Nested Variant of Urothelial Carcinoma: A Clinicopathologic and Immunohistochemical Study of 12 Cases Academic Article uri icon

Overview

MeSH Major

  • Carcinoma, Transitional Cell
  • Urinary Bladder Neoplasms

abstract

  • Nested variant of urothelial carcinoma is characterized by confluent small nests and abortive tubules of mildly atypical neoplastic cells infiltrating the lamina propria and/or muscularis propria of the bladder. Despite its deceptively bland histomorphologic appearance, the lesion is reported to have an aggressive behavior. The collective immunohistochemical expression of suppressor genes, growth factor, and proliferation activity marker has not been previously studied in this disease. Formalin-fixed, paraffin-embedded archival tissues from 12 cases of nested variant of urothelial carcinoma were stained with monoclonal antibodies to p21, p27, p53, EGF-R, and bcl-2, as well as the proliferation marker MIB-1. The area of predominant immunoreactivity was also evaluated. The pattern of immunostaining was compared with the clinical parameters. p21 was positive in 10 of 12 cases and located at the deepest portion of the tumor in 5 of 10 positive cases. Immunoreactivity for p27 was seen in 11 of 12 cases and limited to the superficial portion of the tumor in 9 of 11 positive cases. Only 3 and 2 of 12 cases were positive for p53 and bcl-2, respectively. MIB-1 immunoreactivity ranged from 2 to 35% of the neoplastic cells, with most tumors showing a proliferation index of >15%. Follow-up ranged from 3 to 30 months (mean, 17.6 mo). All patients except one were alive, although three patients developed metastases. Nested variant of urothelial carcinoma is a deceptively benign-appearing neoplasm with potential of deep invasion and metastases. Immunohistochemically, nested variant of urothelial carcinoma shares some features with high-risk conventional urothelial carcinomas, such as loss of p27 expression and high proliferation index. Nevertheless, p53, bcl-2, or EGF-r immunoreactivity is not frequently seen.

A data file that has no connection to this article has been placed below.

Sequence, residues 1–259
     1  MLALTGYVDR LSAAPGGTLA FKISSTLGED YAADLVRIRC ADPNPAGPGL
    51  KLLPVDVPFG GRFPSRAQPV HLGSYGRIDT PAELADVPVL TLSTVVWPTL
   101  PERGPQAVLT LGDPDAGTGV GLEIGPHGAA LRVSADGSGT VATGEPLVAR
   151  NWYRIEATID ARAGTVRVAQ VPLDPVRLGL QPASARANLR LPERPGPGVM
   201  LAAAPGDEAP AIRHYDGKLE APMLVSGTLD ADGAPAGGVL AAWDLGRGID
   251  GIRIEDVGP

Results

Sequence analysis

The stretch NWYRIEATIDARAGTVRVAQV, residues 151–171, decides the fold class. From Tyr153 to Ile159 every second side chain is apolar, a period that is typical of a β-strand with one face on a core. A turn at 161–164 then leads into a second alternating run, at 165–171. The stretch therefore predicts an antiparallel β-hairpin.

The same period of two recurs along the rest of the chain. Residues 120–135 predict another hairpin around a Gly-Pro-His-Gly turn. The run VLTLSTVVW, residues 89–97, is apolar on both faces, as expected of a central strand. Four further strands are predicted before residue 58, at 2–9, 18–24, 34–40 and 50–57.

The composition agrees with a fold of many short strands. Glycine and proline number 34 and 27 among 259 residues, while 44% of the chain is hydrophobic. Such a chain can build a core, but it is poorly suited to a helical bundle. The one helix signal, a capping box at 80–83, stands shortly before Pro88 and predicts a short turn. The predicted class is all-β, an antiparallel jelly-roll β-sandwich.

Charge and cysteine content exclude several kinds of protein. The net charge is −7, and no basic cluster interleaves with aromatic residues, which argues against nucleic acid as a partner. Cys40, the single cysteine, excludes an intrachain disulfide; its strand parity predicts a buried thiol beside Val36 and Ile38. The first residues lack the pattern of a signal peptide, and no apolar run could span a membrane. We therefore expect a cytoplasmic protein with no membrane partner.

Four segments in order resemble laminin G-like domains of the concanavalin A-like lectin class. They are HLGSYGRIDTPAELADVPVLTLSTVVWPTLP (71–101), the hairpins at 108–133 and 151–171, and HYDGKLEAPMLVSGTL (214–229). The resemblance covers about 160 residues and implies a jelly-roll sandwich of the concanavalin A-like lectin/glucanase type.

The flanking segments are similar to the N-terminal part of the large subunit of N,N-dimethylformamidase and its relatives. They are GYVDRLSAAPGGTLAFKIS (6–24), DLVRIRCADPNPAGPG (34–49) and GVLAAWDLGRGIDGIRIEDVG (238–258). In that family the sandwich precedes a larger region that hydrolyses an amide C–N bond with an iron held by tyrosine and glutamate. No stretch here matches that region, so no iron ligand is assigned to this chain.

publication date

  • December 2003

Research

keywords

  • Academic Article

Identity

Language

  • eng

Digital Object Identifier (DOI)

  • 10.1097/01.MP.0000094091.04541.FC

PubMed ID

  • 14681330

Additional Document Info

start page

  • 1289

end page

  • 98

volume

  • 16

number

  • 12